The Evolution of Sports Equipment

Isn’t it only natural that your field finally catches up to your equipment?

Football safety. Is there any more relevant topic in sports today? Knee injuries. Repeated concussions. Broken bones. Players retiring prematurely. Star quarterbacks in college, and especially the NFL, laid up for the season. Few could argue football’s very future hinges on diminishing the risks of those who choose to play ‘America’s favorite sport.’ The evolution of sports equipment has allowed football to come a long way since the first game some 150 years ago, when helmets were only for those in the armed forces. Football-related technology has grown almost as the sport’s popularity has.

Football helmets evolution since 1920

Take helmets. The 1920’s saw soft leather helmets take hold. The mandatory move to plastic helmets dominated the 1940’s. By the Sixties, molded polycarbonate helmets were expected. In this decade, ‘smart’ helmet technology has flourished…helmets that minimize concussion risk and that enable 2-way communication.

Football player wearing helmet and facemask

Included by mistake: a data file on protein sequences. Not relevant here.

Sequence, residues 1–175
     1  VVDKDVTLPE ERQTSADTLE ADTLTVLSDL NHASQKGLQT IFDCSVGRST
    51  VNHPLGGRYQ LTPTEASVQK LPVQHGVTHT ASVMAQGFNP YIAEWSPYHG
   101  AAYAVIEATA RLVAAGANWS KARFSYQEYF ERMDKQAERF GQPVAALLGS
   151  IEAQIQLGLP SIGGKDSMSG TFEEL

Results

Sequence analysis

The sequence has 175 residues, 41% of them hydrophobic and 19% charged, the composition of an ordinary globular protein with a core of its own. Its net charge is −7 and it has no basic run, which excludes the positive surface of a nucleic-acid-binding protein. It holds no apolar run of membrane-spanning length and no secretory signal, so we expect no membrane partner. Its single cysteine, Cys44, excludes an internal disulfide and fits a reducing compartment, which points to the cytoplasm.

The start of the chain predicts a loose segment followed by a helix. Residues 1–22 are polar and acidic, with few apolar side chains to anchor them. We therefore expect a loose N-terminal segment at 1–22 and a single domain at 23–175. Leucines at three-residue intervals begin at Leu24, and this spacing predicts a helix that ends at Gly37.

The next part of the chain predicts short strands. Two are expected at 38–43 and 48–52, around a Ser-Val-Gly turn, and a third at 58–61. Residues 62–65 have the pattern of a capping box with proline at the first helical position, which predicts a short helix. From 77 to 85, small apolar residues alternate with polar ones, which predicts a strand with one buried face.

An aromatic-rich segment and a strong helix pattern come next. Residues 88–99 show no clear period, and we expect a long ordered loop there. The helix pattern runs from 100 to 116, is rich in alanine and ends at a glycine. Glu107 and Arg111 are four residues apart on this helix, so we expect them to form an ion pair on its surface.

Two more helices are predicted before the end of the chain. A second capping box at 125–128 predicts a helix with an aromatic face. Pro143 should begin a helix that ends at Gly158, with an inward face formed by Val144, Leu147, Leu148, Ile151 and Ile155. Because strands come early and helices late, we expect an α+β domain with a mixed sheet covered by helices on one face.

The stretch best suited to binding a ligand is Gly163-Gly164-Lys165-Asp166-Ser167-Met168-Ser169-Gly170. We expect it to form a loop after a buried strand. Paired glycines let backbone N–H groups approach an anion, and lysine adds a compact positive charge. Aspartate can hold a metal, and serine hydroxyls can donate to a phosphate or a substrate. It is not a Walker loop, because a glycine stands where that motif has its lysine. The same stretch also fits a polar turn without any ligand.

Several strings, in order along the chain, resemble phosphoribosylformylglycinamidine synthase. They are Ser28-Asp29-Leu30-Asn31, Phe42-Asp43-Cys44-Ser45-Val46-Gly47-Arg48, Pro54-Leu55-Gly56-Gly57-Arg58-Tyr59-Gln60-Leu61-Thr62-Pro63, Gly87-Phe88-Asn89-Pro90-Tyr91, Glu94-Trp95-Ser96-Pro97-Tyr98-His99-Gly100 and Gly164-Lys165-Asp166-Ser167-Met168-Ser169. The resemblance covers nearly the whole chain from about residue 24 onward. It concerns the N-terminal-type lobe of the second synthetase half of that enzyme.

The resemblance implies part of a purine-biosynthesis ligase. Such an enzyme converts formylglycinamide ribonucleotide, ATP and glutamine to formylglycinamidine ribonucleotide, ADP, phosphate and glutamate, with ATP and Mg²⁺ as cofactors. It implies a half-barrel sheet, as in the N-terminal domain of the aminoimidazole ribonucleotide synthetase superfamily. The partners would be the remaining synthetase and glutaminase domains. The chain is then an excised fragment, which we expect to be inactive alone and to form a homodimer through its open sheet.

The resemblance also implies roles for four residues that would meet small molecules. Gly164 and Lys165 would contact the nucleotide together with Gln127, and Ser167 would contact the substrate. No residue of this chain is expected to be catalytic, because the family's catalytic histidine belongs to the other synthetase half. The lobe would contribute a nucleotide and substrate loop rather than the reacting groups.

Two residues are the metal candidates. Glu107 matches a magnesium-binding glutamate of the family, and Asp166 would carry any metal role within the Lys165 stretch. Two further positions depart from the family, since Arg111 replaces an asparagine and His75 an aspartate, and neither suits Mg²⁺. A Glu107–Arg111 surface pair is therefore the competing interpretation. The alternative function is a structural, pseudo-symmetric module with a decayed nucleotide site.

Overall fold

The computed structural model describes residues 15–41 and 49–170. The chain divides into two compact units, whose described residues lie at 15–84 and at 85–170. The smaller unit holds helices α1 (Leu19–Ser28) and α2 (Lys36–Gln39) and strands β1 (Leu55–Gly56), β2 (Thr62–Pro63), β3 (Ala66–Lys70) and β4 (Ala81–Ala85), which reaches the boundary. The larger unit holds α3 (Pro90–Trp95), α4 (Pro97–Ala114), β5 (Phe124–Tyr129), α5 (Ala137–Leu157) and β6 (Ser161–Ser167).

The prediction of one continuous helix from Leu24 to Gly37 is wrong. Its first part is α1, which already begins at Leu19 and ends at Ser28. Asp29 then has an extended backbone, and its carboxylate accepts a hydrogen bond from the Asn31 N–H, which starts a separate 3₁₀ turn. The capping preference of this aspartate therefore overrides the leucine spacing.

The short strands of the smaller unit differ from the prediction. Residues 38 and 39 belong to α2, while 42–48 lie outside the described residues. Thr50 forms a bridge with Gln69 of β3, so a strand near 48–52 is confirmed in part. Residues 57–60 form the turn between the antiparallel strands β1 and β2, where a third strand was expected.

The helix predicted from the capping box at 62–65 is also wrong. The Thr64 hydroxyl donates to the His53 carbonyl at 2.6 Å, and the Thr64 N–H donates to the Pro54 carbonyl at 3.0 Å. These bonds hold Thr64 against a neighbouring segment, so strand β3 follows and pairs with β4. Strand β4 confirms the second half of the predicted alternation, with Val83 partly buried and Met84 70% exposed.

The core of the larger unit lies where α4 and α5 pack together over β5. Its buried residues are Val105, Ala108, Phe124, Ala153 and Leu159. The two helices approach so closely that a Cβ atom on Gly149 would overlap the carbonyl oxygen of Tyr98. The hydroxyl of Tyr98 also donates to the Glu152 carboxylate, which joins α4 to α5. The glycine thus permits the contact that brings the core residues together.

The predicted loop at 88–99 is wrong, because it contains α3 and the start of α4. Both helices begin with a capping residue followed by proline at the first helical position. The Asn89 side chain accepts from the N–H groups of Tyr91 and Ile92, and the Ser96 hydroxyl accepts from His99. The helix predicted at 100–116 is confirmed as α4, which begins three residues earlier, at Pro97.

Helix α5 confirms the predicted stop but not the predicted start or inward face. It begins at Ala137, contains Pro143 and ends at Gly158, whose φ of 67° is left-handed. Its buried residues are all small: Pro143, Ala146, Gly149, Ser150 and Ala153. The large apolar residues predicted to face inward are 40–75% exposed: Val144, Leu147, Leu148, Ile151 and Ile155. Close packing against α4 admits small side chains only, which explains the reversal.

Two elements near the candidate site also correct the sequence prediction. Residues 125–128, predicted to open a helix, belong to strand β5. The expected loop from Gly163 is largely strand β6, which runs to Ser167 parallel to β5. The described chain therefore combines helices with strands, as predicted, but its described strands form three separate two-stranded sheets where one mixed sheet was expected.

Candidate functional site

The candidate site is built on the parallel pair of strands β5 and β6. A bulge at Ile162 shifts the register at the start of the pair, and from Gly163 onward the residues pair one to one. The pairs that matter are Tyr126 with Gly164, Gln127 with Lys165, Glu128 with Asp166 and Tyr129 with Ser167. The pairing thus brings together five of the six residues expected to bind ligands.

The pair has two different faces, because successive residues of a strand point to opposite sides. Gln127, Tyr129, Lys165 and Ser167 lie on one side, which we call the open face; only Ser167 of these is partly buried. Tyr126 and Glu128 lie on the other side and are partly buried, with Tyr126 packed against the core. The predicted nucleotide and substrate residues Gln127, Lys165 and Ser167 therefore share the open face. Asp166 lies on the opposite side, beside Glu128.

What about face masks? From none to a single bar and then to a double bar. Protective visors were introduced some 4 decades ago.

Football player wearing uniform with modern padding

In the 1920's padding was first sewn into the shirt. Leather pads became the rage in the Thirties to be replaced by plastic pads in the 1960's. Today’s synthetic pads, seemingly head to toe, are NFL-mandatory for much of the body.

Off-field technology has embraced the digital age as tablets flourish on today's sidelines as in-stadium fans view replays on jumbo screens the size of Manhattan.

Football teams playing on modern turf

Artificial turf became the rage in the 1960's and Seventies leading to player complaints and all kinds on new ailments including the dreaded 'Turf Toe.' Concussions increased as fast as the types of artificial and combo turfs. That trend has lead to many new tech-driven cleat styles to match the surface de jour.

Two things really haven’t changed since the pigskin was first advancing the field in 1869 when Rutgers and Princeton players crashed. Players much prefer natural turf. And virtually no attention has been paid to improving the natural grass surfaces that teams chose to play on or to which they compare non-natural surfaces. That all should change TODAY!

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